Under red droplights that resemble Chinese paper lanterns, seared tuna glistens atop a Rising Sun roll. On the other side of the sushi bar, a uniformed chef slices more fresh fish, packing it into 1 of 17 specialty rolls that grace Wok and Roll’s menu. Out of view from the dining room’s lacquered tables and rows of sake, a wok sizzles with drunken noodles and chow mein, the other half of Wok and Roll’s pan-Asian offerings. Dishes such as peking duck and hong kong shrimp-wonton soup source recipes from across China and pair with beers from Thailand, Singapore, and Japan, as well as with daiquiris mined from the Earth’s liquid fruit core. In between bites, diners can put Wok and Roll’s karaoke system to use and belt out a tune from a catalogue of 50,000 songs.
Shanghai Lounge doesn't reinvent traditional dishes—instead, its Asian-fusion culinary team honors the classics by whipping up more than 70 of them. Mongolian beef, stir-fried with onions and scallions, and tofu with cabbage vie for diners’ affections with chicken dishes such as curry chicken, ginger chicken, and general tso’s chicken. Teriyaki eel or sweet-and-sour fish delight taste buds with more exotic proteins. Bubble tea, or pots of hot green, black, or oolong tea, wash down the hearty cuisine spreads.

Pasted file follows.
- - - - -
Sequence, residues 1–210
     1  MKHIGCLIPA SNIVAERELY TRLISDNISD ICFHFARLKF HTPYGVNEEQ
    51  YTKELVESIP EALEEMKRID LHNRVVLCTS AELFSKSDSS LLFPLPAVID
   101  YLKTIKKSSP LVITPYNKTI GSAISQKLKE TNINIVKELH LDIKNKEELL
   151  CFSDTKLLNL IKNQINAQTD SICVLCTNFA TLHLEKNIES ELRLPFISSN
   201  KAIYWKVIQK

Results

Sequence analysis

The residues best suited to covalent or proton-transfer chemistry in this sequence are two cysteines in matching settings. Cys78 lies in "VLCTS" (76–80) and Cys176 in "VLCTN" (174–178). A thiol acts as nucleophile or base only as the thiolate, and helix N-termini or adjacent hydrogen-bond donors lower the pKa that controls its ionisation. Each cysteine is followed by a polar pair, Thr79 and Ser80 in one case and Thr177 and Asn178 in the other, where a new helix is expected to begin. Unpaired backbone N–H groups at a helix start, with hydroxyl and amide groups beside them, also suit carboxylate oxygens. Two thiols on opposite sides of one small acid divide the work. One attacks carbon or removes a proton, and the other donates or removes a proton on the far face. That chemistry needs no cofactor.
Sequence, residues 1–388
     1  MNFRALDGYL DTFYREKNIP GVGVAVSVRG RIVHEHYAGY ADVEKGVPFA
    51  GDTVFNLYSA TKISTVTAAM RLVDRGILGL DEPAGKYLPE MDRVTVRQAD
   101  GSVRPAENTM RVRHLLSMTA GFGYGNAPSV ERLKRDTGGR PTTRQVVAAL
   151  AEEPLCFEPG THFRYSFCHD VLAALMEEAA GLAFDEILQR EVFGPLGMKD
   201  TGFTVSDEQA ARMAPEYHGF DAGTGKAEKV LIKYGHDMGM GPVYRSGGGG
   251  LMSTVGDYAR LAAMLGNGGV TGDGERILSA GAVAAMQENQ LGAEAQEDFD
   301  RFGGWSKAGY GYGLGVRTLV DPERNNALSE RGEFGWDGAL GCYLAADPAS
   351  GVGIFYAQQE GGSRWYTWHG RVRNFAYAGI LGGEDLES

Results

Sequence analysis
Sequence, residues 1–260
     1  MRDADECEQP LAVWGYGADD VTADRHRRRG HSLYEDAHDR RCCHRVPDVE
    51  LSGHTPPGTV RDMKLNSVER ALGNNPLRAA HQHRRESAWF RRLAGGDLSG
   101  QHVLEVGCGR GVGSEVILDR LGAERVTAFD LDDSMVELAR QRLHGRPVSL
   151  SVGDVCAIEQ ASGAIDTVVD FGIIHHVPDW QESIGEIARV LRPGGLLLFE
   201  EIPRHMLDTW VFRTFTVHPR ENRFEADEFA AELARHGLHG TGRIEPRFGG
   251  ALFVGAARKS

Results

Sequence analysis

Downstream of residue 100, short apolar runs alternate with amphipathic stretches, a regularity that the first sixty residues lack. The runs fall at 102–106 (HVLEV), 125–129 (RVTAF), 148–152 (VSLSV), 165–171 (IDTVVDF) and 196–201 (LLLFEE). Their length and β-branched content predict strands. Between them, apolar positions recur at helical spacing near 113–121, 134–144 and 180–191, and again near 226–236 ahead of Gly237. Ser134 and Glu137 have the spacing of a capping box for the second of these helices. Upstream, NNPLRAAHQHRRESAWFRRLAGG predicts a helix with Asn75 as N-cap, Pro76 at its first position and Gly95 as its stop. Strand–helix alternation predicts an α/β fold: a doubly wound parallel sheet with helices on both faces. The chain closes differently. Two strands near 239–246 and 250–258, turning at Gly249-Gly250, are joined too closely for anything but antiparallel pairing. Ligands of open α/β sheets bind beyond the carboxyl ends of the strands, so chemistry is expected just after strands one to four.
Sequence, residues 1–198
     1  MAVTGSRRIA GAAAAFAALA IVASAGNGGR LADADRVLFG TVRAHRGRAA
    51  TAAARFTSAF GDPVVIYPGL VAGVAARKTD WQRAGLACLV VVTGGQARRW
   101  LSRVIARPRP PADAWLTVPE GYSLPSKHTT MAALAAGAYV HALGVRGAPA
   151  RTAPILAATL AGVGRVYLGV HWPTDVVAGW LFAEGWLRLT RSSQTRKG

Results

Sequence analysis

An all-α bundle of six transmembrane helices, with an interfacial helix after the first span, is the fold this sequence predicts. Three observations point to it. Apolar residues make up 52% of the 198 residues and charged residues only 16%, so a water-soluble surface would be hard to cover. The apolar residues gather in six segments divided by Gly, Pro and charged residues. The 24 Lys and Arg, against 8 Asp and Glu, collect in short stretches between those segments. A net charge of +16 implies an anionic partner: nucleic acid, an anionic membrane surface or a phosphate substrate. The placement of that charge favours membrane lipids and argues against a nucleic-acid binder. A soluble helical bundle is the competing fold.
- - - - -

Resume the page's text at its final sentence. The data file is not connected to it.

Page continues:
Duk Wo's sleek, casual confines are adorned with Chinese calligraphy, small black booths, and a lively sushi bar. Warm up tongue buds with an order of chicken lettuce wraps, served on a bed of vermicelli and infused with delicate spice, sautéed chicken, and peppers ($6.95 for four, $8.50 for six). The half peking duck is a house specialty, seasoned and slowly grilled until the skin is crispy, and then served with five pancakes, spring onions, and plum sauce to quiet the enthusiastic quacking of hungry stomachs ($14.95). Take a delectable dip with an order of shrimp with lobster sauce, an all-swim of water chestnuts, mushrooms, green peas, and carrots in an egg-white lap pool ($8.95 or $10.95). Sushi is served on Fridays and Saturdays from 5 p.m. to 9 p.m., and the roll library includes classic titles such as spicy tuna ($4.50), as well as novel bundles such as the eel-topped tempura fantasy roll ($8), a favorite of the Loch Ness monster. Check out the full menu of non-sushi nosh here.